The disorder, MCEDS, is characterized by progressive multisystem fragility-related manifestations including joint dislocations and deformities, skin hyperextensibility, bruisability and fragility; recurrent large subcutaneous hematomas, and other cardiac valvular, respiratory, gastrointestinal, and ocular complications, which are considered to result from connective tissue weakness. The disorder also shows various developmental malformations including distinct craniofacial features, multiple congenital contractures and congenital defects in cardiovascular, gastrointestinal, renal, ocular and central nervous systems. MCEDS also affects muscles to a variable degree (38). MCEDS shares many clinical features with the kyphoscoliotic type of EDS (47), the tenascin-X deficient EDS (48), FKBP14-deficient EDS (41) and collagen VI-related Ullrich congenital muscular dystrophy (UCMD [MIM 254090]) and Bethlem myopathy (MIM 158810) (49). In addition, clinical overlap can be found at birth with distal arthrogryposis type 9 (congenital contractural arachnodactyly, CCA, Beals syndrome [MIM 121050]) due to FBN2 (MIM 612570) mutations and the Loeys-Dietz syndrome (LDS [MIM 609192]) within the first years of life. MCEDS can be diagnosed at birth by the presence of characteristic craniofacial features—consisting of brachycephaly, hypertelorism, down-slanting palpebral fissures, small mouth with thin vermillion border, prominent cheeks, microretrognathia and protruding ears—and distal arthrogryposis, and molecular genetic testing of CHST14 was so far considered to provide a definitive diagnosis.
The patient we describe here presented with characteristic features of MCEDS, and we consequently show that there is locus heterogeneity in MCEDS: direct and indirect DNA analysis widely excluded CHST14 as disease-causing in our patient, and the targeted analysis of a single candidate gene, DSE, from a linkage interval identified a missense mutation affecting a highly conserved residue. We present several lines of evidence that this mutation affects the DS eperimase's function. We show that the recombinant mutant enzyme's activity, as well as the patient-derived fibroblast's epimerase activity towards partly desulfated DS, is severely decreased. We observe decreased amounts of IdoUA-GalNAc(4-O-sulfate) linkages and increased amounts of GlcUA-GalNAc(4-O-sulfate) and GlcUA-GalNAc(6-O-sulfate) in the cellular and secreted GAG fractions of patient's fibroblasts after specific chondroitinase digests. We show that residual IdoUA-GalNAc(4-O-sulfate) linkages are present and unusually scattered over hybrid CS/DS chains. Fibroblasts with the p.S268L mutation in DSE epimerize GlcUA-GalNAc to IdoUA-GalNAc at a reduced rate resulting in secretion of about 10% IdoUA-containing disaccharides compared with a control. A significant fraction of DS is replaced by CS, which cannot generally substitute functions specifically associated with DS, as both D4ST1 and DSE deficiency causes MCEDS. Finally, we suggestively rescue the biochemical phenotype by stable expression of wild-type DSE in patient fibroblasts.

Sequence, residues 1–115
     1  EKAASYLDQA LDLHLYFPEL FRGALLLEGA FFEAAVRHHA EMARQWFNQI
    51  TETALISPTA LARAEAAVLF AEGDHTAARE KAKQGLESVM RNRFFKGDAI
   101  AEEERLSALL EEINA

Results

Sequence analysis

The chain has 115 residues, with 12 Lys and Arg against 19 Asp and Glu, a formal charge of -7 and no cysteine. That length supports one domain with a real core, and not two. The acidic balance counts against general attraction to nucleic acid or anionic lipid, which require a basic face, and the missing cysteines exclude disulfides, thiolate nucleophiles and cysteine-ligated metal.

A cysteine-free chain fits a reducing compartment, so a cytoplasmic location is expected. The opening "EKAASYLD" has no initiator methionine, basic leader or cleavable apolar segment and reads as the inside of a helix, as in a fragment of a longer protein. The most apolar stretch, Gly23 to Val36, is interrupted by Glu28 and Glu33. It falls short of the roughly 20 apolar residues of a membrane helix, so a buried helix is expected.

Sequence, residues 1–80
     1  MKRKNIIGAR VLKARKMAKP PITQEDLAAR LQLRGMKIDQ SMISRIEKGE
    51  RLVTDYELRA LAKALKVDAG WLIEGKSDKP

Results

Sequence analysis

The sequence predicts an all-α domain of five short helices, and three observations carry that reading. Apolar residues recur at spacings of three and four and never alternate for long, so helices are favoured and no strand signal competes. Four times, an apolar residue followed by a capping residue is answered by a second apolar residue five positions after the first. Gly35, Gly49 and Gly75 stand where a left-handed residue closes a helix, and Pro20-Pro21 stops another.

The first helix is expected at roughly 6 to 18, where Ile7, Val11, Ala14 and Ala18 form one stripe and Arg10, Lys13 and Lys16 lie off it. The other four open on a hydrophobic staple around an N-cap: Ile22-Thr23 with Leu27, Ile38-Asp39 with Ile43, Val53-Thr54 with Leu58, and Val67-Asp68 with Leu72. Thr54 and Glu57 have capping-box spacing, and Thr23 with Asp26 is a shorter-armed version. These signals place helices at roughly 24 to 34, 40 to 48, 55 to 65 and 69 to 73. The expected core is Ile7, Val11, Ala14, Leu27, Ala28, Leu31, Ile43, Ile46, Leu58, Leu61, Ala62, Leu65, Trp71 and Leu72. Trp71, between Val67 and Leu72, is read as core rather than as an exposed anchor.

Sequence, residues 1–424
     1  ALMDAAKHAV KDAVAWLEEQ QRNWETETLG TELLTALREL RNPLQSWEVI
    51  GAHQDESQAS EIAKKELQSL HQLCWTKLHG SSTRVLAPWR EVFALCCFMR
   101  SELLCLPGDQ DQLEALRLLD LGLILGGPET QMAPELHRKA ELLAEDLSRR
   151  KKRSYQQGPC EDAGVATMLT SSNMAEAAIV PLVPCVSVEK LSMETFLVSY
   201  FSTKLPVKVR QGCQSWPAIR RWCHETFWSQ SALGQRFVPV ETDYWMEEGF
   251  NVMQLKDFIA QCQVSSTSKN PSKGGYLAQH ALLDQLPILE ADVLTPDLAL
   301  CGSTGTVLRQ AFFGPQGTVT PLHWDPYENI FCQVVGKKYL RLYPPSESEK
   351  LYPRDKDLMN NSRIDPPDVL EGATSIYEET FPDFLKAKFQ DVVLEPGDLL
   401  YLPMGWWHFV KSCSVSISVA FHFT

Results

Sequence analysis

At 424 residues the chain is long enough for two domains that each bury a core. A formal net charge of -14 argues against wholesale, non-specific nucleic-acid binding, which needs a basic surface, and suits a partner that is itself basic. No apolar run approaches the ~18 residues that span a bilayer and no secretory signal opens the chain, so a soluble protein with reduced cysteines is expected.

Conversion of GlcUA to IdoUA by DS epimerases is a freely reversible reaction that favors the GlcUA form, and the addition of sulfate to the C4 hydroxy of GalNAc adjacent to IdoUA by D4ST1 prevents further back epimerization of IdoUA to GlcUA (21,45). The notion of a spacio- and temporally coupled action of DSE and D4ST1 in the generation of IdoUA disaccharides and IdoUA blocks is supported by our reporting of MCEDS phenotypes resulting from deficiencies of either DSE or D4ST1, and both causing shortages of IdoUA residues in CS/DS chains in a number of connective tissues.
Apparently, DSEL cannot compensate for the loss of DSE function, analogous to the situation where CS 4-O-sulfotransferases cannot compensate for the loss of D4ST1, and in line with reported in vitro substrate specificities of human sulfotransferases involved in the 4-O-sulfation of CS/DS (20,21).